## A combinatorial approach to conceptual graph projection checking (2004)

Venue: | In Proc. of the 24th Int’l Conf. of the Brit. Comp. Society’s Spec. Group on Artif. Intell. (AI’2004 |

Citations: | 6 - 3 self |

### BibTeX

@INPROCEEDINGS{Croitoru04acombinatorial,

author = {Madalina Croitoru and Ernesto Compatangelo},

title = {A combinatorial approach to conceptual graph projection checking},

booktitle = {In Proc. of the 24th Int’l Conf. of the Brit. Comp. Society’s Spec. Group on Artif. Intell. (AI’2004},

year = {2004},

pages = {130--143},

publisher = {Springer}

}

### OpenURL

### Abstract

We exploit the combinatorial structure of conceptual graphs in order to obtain better execution times when computing projection, which is a core generalisation-specialisation relation over conceptual graphs. We show how the problem of finding this relation can be translated into the Maximum Clique problem. Consequently, approximation techniques developed for the Maximum Clique problem can be used to compute projection in conceptual graphs. We show that there are “simple queries” which can be answered quickly, thus providing efficient reasoning support in a knowledge management environment based on conceptual graphs. 1

### Citations

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Citation Context ...d on semantic networks. They introduce a clear distinction between ontological and asserted knowledge, specifying it in a way that is both readable by humans and computationally tractable by machines =-=[16]-=-. Graph-based formalisms (e.g. CGs) can be successfully applied to solve relevant knowledge management problems such as modelling the articulation of ontologies and representing links between differen... |

138 | A graph-oriented model for articulation of ontology interdependencies
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Citation Context ...isms (e.g. CGs) can be successfully applied to solve relevant knowledge management problems such as modelling the articulation of ontologies and representing links between different ontology versions =-=[11]-=-. As deriving relationships (e.g. subsumption) between linked structures in articulated or versioned ontologies greatly improves multi-ontology management [14], devising a set of inferences that opera... |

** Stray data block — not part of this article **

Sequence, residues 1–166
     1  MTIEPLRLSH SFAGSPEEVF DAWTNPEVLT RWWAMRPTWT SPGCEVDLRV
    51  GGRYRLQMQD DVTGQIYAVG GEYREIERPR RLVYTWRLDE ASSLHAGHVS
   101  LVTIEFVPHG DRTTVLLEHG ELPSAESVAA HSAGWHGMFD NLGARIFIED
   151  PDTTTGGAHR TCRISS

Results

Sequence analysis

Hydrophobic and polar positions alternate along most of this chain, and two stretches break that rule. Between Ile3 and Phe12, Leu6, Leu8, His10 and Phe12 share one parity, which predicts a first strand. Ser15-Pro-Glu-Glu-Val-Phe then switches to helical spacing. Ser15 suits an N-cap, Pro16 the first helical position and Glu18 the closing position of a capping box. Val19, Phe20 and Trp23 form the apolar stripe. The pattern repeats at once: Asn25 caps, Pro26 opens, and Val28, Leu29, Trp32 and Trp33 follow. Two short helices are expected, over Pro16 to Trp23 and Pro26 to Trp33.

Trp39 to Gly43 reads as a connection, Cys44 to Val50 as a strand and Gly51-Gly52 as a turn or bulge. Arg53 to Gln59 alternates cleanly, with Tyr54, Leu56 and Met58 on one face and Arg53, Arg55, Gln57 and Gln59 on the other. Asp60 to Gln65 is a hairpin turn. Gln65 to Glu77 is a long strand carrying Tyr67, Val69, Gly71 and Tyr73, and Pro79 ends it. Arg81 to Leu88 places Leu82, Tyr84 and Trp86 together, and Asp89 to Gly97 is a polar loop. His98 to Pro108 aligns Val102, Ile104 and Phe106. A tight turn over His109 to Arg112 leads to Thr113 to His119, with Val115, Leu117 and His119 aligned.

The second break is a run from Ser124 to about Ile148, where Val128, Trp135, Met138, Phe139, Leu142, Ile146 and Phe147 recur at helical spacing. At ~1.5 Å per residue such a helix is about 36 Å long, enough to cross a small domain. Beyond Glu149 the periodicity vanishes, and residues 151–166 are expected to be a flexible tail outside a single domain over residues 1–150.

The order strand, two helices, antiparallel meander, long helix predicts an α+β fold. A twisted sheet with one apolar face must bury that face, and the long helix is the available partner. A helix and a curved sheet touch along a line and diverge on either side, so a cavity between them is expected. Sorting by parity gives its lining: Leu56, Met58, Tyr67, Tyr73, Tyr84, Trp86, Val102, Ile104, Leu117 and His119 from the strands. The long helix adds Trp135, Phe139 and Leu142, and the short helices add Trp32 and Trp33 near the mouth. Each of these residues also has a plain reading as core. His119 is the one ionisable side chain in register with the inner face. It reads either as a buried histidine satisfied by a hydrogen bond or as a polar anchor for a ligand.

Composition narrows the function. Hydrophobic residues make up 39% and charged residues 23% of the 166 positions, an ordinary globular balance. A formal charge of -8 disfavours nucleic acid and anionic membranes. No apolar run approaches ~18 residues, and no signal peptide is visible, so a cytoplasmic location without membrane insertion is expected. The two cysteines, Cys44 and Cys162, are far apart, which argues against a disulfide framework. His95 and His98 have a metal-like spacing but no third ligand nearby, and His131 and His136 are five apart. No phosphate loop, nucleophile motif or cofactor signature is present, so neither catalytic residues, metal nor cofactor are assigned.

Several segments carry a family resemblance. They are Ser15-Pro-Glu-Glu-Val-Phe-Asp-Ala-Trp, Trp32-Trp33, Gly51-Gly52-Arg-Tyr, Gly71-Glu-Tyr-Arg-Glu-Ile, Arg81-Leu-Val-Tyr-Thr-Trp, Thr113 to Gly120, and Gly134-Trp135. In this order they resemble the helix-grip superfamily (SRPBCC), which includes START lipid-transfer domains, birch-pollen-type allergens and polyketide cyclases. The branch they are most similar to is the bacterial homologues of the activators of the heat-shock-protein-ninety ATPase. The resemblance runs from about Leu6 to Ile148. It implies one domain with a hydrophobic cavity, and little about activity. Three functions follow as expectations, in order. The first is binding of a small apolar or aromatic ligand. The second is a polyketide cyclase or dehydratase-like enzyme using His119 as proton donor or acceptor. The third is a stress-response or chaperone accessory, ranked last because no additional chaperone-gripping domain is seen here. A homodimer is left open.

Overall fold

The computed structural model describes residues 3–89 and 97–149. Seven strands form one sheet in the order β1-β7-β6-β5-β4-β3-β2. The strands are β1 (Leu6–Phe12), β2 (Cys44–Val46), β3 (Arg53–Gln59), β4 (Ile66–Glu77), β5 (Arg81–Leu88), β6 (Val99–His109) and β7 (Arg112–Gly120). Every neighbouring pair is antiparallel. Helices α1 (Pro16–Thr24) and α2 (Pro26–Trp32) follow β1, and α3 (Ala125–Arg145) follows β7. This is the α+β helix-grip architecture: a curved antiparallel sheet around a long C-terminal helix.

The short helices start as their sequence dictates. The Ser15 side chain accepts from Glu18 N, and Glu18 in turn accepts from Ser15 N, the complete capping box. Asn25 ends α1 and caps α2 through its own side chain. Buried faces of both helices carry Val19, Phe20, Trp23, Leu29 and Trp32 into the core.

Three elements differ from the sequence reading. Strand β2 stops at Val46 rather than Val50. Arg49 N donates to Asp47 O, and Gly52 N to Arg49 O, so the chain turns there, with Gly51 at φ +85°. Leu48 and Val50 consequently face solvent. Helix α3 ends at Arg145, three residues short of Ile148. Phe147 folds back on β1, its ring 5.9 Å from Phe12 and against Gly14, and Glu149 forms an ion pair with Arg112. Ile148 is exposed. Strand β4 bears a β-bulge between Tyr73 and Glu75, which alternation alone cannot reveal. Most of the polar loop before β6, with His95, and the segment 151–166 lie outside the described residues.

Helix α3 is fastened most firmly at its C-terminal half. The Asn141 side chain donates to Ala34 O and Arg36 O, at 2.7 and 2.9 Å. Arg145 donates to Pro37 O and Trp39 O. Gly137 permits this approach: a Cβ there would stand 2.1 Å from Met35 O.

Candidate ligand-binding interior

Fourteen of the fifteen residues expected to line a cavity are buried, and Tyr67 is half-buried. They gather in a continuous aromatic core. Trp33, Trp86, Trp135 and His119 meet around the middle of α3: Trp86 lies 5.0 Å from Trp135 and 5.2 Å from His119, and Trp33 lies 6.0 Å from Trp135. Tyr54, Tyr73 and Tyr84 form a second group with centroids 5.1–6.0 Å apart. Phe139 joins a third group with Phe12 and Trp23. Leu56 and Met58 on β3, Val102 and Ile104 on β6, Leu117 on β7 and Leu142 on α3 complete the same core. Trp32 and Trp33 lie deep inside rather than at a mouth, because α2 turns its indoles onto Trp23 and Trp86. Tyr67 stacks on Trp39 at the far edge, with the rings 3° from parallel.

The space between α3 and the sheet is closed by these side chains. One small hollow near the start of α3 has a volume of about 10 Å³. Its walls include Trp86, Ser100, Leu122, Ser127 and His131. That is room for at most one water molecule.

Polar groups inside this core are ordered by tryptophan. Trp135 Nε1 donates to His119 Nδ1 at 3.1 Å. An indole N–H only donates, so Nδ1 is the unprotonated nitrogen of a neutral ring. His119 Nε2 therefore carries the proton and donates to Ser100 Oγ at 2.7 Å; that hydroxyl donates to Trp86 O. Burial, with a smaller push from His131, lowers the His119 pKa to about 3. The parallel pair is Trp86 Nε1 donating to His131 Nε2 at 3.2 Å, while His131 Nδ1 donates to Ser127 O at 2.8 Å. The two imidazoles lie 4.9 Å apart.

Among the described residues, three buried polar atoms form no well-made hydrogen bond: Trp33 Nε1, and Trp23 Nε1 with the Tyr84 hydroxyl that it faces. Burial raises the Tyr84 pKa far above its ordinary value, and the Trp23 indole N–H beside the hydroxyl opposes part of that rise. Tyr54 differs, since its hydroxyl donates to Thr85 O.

29 | Hypertree decompositions: A survey
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Citation Context ... graphs G and H is an NP-complete problem [5, 2]. However, it has been shown that this is polynomially equivalent to other problems, such as (i) conjunctive query containment [4, 15] and query output =-=[8]-=- in databases, (ii) constraint satisfaction [15] in combinatorial optimisation, and clause subsumption [8] in knowledge representation and reasoning. Consequently, algorithms of exponential complexity... |

27 | Multi-level hierarchical retrieval
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Citation Context ... theory. The former combine First-Order Logic and Prolog mechanisms (e.g. resolution) in a reasoning tool [7]. Conversely, the latter translate the reasoning problem into a graph-homomorphism problem =-=[5, 10]-=-.sUnfortunately, deciding whether G ≥ H given two conceptual graphs G and H is an NP-complete problem [5, 2]. However, it has been shown that this is polynomially equivalent to other problems, such as... |

26 | Efficient retrieval from hierarchies of objects using lattice operations
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Citation Context ...ent”. Algorithms devised for computing projection in CGs are either based on logic or on graph theory. The former combine First-Order Logic and Prolog mechanisms (e.g. resolution) in a reasoning tool =-=[7]-=-. Conversely, the latter translate the reasoning problem into a graph-homomorphism problem [5, 10].sUnfortunately, deciding whether G ≥ H given two conceptual graphs G and H is an NP-complete problem ... |

24 |
Conceptual graph matching: A flexible algorithm and experiments
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Citation Context ...ders represented by the support. The time computational complexity of an efficient implementation of this step can be very important in certain applications and depends on the adopted data structures =-=[7, 13]-=-. Our algorithm is similar to the one used in building a jigsaw image by putting the jigsaw pieces together. Our algorithm takes a piece of the jigsaw and checks if it fits in the place we want to put... |

23 | G.: Nested Graphs: A Graph-Based Knowledge Representation Model with FOL Semantics
- Chein, Mugnier, et al.
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(Show Context)
Citation Context ... ≥ H given two conceptual graphs G and H is an NP-complete problem [5, 2]. However, it has been shown that this is polynomially equivalent to other problems, such as (i) conjunctive query containment =-=[4, 15]-=- and query output [8] in databases, (ii) constraint satisfaction [15] in combinatorial optimisation, and clause subsumption [8] in knowledge representation and reasoning. Consequently, algorithms of e... |